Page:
The student grabbed the knife and headed for the door. Motobu followed closely behind. Just before the student reached the door, Motobu kicked him in the back, shattering his backbone. (Goodin 12)
Assuming that the above account is accurate, whether or not the situation in which Motobu found himself can truly be called one in which physical conflict was unavoidable is, perhaps, open to debate. Motobu’s willingness to strike first, however, is clear.
Additional information regarding Motobu’s thoughts on striking first can be found in Motobu Choki sensei: Goroku (“A Collection of Sayings of Sensei Choki Motobu”) (5). There, listed as saying number nine, we find a statement that seemingly contradicts the karate ni sente nashi principle: Karate wa sente de aru (“karate is the first attack”). (Nakata 42). Given the opinion that he expresses in Watashi no karate-jutsu (see above), it seems reasonable to conclude that with these words Motobu meant to stress the importance of striking first when trouble is unavoidable.
Kenwa Mabuni, the founder of the Shito-ryu school of karate, produced a number of publications during his lifetime. Among them, and co-authored with Genwa Nakasone, was the book Kobo kenpo karate-do nyumon, about which noted karate historian Patrick McCarthy has written:
Considered his best work of all [. . .]. [. . .] this [. . .] was considered by one writer to be the real “Master Text” of karate-do. [. . .] Mabuni Kenwa won widespread recognition during that pre-war era with this book and, considering the magnitude of this work, it is surprising to hear that it has never been translated into English. (McCarthy, “Standing” 30)
In this book, in a section of Chapter 10 entitled “Correct and Incorrect Understanding of the Meaning of ‘Karate ni Sente Nashi,’” we find the following extremely relevant comments:
There is a precept “karate ni sente nashi.” Properly understood, this indicates a mental attitude of not being eager or inclined to fight. It is the teaching that just because one has trained in karate does not mean that one can rashly strike or kick others. It seems that there are two types of mistaken interpretations regarding this precept, and [I’d] like to correct them.
The first is a mistaken understanding held by some people who are not karate practitioners. Such people say, “In all fights the opportunity for victory is seized by getting the jump on your enemy; a passive attitude such as sente nashi is inconsistent with Japanese budo.” Such a view forgets the essential purpose of budo: Bu (6) takes as its ideal the stopping of the spear (7), and its aim is the maintenance of peace. Those who make such statements do not understand that the true spirit of Japanese budo means not being bellicose.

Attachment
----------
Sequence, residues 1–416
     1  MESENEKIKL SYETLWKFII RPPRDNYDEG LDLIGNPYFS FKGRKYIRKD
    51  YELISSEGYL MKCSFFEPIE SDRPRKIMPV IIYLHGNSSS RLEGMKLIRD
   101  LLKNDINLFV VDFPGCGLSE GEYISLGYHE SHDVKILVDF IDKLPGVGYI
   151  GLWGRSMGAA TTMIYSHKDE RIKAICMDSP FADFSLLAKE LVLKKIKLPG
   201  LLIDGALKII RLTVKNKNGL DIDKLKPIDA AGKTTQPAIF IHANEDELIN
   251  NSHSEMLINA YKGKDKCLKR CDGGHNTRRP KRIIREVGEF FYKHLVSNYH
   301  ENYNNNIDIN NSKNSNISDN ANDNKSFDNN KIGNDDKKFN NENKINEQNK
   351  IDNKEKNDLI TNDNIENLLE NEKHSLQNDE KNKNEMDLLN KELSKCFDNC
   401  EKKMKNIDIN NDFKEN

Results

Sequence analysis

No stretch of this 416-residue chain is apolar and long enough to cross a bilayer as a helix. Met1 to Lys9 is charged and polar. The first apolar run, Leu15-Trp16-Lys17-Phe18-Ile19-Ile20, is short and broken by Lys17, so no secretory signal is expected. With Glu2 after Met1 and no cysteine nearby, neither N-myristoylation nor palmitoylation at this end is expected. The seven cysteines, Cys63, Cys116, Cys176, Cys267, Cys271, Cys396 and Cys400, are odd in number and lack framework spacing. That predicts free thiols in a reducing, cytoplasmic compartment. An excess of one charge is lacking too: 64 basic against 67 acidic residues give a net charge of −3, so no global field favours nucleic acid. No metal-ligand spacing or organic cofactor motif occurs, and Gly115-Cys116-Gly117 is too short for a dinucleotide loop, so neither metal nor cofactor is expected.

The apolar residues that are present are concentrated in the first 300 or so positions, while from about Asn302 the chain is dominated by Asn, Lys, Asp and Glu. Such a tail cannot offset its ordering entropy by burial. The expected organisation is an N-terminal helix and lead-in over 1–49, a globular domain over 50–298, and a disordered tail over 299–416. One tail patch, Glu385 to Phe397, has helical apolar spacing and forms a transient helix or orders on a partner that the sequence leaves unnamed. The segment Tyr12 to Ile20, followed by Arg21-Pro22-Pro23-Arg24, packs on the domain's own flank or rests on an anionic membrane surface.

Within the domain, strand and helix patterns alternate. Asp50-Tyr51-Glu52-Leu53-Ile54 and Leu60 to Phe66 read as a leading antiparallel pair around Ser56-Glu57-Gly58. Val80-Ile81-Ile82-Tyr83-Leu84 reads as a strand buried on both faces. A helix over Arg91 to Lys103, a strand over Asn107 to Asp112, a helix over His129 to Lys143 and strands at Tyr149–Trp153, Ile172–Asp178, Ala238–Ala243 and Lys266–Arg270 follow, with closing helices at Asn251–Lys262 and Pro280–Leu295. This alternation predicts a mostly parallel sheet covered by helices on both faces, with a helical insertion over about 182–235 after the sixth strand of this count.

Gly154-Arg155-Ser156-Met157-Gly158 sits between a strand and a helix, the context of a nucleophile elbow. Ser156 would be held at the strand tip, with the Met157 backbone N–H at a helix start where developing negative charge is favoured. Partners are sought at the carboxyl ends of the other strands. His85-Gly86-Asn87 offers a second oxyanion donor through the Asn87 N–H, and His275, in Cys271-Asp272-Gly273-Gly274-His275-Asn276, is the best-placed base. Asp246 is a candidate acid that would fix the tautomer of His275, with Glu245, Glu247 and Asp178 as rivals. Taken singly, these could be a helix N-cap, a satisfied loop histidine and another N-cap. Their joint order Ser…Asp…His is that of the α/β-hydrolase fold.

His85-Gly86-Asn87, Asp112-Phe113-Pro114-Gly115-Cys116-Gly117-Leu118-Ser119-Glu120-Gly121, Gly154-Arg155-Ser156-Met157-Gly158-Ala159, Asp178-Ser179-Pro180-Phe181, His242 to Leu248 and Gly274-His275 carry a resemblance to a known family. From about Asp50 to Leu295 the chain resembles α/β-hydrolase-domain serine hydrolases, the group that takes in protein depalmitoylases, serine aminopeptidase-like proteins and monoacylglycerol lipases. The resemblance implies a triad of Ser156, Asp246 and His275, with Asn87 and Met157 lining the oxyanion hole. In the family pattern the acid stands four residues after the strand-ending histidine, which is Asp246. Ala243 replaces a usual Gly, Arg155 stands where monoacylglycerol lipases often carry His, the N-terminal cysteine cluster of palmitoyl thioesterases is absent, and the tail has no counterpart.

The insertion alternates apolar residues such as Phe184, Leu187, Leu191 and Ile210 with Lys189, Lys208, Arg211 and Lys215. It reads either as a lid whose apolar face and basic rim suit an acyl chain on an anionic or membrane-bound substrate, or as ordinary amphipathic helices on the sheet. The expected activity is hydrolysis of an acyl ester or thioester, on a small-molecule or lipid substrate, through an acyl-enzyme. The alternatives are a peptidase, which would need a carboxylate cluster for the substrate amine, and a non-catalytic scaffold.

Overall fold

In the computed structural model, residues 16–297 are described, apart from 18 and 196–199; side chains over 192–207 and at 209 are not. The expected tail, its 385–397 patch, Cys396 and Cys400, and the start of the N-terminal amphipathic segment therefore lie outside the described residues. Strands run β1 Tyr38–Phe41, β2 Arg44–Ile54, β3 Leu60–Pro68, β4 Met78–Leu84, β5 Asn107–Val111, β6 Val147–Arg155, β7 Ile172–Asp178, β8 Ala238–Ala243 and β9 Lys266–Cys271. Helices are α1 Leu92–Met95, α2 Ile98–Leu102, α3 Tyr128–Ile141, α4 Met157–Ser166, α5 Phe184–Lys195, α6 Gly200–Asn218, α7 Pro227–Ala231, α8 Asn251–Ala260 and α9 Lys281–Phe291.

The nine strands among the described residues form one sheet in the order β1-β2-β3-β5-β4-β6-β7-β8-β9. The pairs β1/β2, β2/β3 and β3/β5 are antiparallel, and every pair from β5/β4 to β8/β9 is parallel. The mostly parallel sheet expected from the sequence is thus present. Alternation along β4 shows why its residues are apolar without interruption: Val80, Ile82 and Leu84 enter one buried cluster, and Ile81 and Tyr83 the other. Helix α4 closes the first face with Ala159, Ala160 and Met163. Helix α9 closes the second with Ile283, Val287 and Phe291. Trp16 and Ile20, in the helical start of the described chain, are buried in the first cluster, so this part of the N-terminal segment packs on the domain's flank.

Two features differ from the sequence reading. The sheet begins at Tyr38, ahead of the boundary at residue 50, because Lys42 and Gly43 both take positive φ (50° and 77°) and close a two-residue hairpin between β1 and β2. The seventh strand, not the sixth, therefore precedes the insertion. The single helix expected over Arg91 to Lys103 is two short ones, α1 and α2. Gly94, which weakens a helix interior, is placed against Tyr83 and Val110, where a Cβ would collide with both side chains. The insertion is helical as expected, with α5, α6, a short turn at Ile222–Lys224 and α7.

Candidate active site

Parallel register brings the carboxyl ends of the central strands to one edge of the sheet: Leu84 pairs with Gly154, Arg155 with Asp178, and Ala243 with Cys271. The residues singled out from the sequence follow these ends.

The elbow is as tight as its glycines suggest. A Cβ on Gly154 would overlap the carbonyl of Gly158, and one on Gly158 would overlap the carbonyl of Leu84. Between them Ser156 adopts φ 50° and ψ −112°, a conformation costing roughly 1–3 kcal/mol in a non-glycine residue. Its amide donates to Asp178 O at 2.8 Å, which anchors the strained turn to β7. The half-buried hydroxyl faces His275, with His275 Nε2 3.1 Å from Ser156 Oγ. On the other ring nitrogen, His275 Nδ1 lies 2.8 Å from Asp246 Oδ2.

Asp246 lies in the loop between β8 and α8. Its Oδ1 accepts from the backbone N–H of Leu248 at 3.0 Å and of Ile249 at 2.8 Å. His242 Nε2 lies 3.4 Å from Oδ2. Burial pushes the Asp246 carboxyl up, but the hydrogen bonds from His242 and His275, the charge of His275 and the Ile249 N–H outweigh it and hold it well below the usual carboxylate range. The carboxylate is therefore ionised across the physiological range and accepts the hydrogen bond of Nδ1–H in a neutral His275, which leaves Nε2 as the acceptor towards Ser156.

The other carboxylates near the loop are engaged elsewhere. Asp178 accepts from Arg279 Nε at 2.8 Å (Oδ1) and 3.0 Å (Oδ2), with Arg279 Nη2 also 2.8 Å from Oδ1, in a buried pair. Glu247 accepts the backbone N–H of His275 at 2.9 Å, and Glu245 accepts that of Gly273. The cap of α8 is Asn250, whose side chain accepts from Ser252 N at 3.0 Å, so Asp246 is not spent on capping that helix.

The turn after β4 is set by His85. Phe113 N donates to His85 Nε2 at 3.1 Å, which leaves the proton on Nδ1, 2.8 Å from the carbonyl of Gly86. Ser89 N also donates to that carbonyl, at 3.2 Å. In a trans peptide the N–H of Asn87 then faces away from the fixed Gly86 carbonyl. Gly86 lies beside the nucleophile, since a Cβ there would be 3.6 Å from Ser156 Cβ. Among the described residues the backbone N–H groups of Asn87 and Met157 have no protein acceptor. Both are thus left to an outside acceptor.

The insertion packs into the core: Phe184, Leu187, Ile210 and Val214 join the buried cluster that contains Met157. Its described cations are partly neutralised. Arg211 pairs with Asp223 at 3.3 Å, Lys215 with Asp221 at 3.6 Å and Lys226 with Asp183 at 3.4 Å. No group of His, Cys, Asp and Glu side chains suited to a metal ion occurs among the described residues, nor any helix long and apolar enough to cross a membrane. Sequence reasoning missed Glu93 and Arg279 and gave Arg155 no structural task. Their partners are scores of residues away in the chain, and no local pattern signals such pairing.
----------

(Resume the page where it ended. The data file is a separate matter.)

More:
When faced with someone who disrupts the peace or who will do one harm, one is as a warrior gone to battle, and so it only stands to reason that one should get the jump on the enemy and preempt his use of violence. Such action in no way goes against the precept of sente nashi.
Second is a mistaken understanding found among some karate practitioners. It is a view that does not see sente nashi as an attitude, but rather as a literal, behavioral rule to be rigidly followed. As noted above, when absolutely necessary, when one is already facing a battle, it is an accepted truth of strategy that one should try to take sensen no sen (8) and forestall the enemy’s actions.
In conclusion, the expression karate ni sente nashi should be properly understood to mean that a person who practices karate must never take a bellicose attitude, looking to cause an incident; he or she should always have the virtues of calmness, prudence and humility in dealing with others. (Mabuni and Nakasone 82-83) (9)
Examining the writing of Chojun Miyagi reveals little regarding his interpretation of the karate ni sente nashi maxim. Our look at the thoughts of two other legendary karate pioneers, though – Choki Motobu and Kenwa Mabuni – clearly shows that they strongly believed that striking first does not necessarily violate the sente nashi principle. Indeed, both men seem to have felt that a first strike is, under certain conditions, the only reasonable course of action for a karateka to take. It is interesting to note that, just as is true today, when Motobu and Mabuni were writing their books (in the 1930s), there were apparently those who viewed sente nashi as being a prohibition on striking first; both masters unambiguously condemn such literal interpretations.